Interview: Martha Hill on her 'Women are Mint Festival'
Festival season is just about to kick off, and the North East music scene has much in store for us this year, including a new festival in Newcastle’s cultural heart Ouseburn Valley.
Women Are Mint celebrates female musical talent from the 10th to the 12th May, with a female led line-up, music workshops, yoga sessions and even delicious food!
We wanted to know more about this truly inspiring festival so we spoke to Martha Hill, local alt-pop musician and one of the festival’s organisers, about gender equality, sexism, quotas, and the importance of role models...
How and when did the idea of Women Are Mint emerge?
“Women Are Mint was initially put together by myself and Ali Pritchard of Alphabetti Theatre. We ran four events, each showcasing a local female musician, and then there was a discussion afterwards on a topic of the musician’s choice. It was a really interesting and powerful series of events and I wanted to take it one step further.”
What or who has inspired you to initiate a festival featuring women musicians?
“There’re so many amazingly talented women in the North East at the moment, and I wanted to celebrate that! I also wanted to try and balance the books by booking an entirely female line-up.”
Have you ever experienced any injustice, inequality, or sexism at gigs or festivals, or as a woman musician in general?
“Who hasn’t! The entire foundations of our society are sexist.”
According to the BBC, women are widely underrepresented on festival line-ups, and some say quotas can make a difference. What’s your opinion on that?
“Obviously quotas aren’t ideal. The ideal is that naturally everyone would have a fair chance and a fair mind. However that isn’t the reality, and I can’t see a better way to challenge that other than through quotas. If a 50/50 line-up is demanded, then a 50/50 line-up will have to be supplied, encouraging more equality within the industry.”
In the 1990s the Riot Grrrl movement intended to emancipate women and aimed to inspire more girls to pick up rock instruments and form bands. Today, rock camps for girls have a similar philosophy. How important do you think role models are for young girls, who are thinking about getting into music?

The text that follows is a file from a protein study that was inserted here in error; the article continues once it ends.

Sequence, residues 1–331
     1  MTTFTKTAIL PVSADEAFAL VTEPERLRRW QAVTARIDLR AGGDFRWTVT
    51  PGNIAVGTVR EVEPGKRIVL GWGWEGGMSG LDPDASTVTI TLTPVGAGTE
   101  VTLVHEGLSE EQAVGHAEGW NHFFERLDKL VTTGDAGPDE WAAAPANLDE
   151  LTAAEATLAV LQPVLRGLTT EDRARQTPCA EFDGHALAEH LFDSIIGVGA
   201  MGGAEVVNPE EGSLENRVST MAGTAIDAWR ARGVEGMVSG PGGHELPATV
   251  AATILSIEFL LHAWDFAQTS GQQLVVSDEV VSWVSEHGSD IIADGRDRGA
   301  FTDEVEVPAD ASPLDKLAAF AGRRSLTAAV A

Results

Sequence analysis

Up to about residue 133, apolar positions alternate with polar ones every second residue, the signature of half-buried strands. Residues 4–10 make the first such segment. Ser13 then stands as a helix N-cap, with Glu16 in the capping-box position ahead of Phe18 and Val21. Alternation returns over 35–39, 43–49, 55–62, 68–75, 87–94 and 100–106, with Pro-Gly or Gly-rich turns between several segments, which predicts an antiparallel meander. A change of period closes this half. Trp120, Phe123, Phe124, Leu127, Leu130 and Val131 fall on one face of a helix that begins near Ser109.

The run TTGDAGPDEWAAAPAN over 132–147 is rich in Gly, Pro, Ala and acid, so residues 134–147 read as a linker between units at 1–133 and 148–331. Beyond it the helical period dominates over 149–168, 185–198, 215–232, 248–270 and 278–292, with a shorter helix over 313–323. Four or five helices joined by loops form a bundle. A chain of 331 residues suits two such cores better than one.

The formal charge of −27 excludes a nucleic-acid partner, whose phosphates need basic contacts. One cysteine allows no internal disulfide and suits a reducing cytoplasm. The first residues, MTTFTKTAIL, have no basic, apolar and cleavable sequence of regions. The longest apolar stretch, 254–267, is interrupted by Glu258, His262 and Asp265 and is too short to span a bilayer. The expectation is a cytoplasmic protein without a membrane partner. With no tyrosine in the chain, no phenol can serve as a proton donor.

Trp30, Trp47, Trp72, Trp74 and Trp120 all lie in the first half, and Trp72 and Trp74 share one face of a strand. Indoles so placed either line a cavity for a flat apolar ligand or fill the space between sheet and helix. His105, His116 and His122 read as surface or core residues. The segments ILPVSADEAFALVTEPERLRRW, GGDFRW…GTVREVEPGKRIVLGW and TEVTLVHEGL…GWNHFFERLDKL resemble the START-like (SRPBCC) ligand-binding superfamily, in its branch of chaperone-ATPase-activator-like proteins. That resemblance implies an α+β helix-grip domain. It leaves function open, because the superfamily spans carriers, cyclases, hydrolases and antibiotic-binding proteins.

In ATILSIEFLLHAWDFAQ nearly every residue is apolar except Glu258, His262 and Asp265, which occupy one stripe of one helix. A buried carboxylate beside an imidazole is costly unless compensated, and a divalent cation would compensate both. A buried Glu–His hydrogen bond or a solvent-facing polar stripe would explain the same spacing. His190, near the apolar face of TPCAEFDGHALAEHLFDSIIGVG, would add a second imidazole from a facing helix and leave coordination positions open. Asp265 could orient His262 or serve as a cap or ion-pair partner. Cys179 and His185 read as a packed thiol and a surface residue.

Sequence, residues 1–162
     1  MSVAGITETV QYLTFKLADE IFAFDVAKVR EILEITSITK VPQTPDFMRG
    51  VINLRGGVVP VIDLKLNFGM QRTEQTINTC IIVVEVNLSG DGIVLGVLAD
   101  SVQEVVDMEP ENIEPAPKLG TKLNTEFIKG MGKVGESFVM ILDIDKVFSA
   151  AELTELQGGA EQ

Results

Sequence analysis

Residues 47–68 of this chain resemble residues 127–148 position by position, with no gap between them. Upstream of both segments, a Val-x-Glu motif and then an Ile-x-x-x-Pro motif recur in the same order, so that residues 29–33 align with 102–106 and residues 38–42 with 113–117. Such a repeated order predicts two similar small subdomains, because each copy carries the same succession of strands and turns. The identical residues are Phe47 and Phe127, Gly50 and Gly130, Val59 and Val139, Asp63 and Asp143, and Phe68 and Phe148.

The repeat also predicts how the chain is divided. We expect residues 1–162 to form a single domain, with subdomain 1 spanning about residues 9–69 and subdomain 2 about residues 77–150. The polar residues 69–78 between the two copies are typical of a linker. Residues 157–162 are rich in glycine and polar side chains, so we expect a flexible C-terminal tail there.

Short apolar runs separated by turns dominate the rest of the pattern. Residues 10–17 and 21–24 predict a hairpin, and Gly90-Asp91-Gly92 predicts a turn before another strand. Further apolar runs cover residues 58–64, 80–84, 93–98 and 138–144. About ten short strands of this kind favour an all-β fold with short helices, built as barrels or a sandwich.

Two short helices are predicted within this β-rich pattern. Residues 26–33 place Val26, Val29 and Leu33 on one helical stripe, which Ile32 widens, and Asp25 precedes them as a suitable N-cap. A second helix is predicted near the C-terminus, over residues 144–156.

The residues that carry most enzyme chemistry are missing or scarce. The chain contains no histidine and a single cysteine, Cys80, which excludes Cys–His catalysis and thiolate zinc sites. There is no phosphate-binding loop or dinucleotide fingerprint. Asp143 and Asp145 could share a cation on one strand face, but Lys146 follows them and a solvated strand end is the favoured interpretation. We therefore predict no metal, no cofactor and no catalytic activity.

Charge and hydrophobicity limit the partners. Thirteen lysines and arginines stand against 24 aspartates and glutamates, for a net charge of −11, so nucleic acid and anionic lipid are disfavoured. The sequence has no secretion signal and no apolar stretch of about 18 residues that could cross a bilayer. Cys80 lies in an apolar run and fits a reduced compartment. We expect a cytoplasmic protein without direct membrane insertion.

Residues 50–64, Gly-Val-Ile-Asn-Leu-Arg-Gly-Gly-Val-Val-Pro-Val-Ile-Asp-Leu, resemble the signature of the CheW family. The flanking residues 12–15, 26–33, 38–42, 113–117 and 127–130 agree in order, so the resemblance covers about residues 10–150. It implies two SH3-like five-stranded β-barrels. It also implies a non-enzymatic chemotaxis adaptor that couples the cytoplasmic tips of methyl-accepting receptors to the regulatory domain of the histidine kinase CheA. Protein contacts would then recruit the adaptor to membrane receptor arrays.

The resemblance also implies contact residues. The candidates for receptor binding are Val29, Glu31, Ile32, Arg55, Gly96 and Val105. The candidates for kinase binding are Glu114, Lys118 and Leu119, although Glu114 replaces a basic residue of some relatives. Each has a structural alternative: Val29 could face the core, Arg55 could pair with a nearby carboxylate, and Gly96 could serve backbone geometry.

“Role models are important for everyone, we all need to feel inspired and empowered, regardless of gender, race, sexuality, religion, anything that may set us apart.”
Ladyfest is a global festival organised by and for women and trans-women, which aims to provide a safe and sexism-free zone, where women can support and inspire each other.
What are your thoughts on festivals such as this and did you have similar goals in mind when putting together your festival?
“Every festival should aim to provide a safe and sexism-free zone. This isn’t just about creating a safe space for women though; it’s about creating an equal space for everyone. Everybody benefits from equality, and Women Are Mint festival aims towards equality.”
Do you have any long-term ambitions regarding your festival, or future projects in mind?
“I would hope to make it an annual event! I have a few other ideas in the pipeline as well...”
Are there any similar projects in the North East or in the UK that you would like to give a shout out to?
“Noisy Daughters by Tracks in Darlington is on the 17th of May, which is an all female event.
There’s also WMN happening at head of Steam on 28th April. Both these events are celebrating and showcasing incredible female talent!”
Is there anything else we should know about your festival, or is there anything you would like to share about your own musical exploits?
“Women Are Mint festival is a music event spanning across three days (10th-12th May) featuring workshops, performances, stalls and face-painting from incredible NE women.”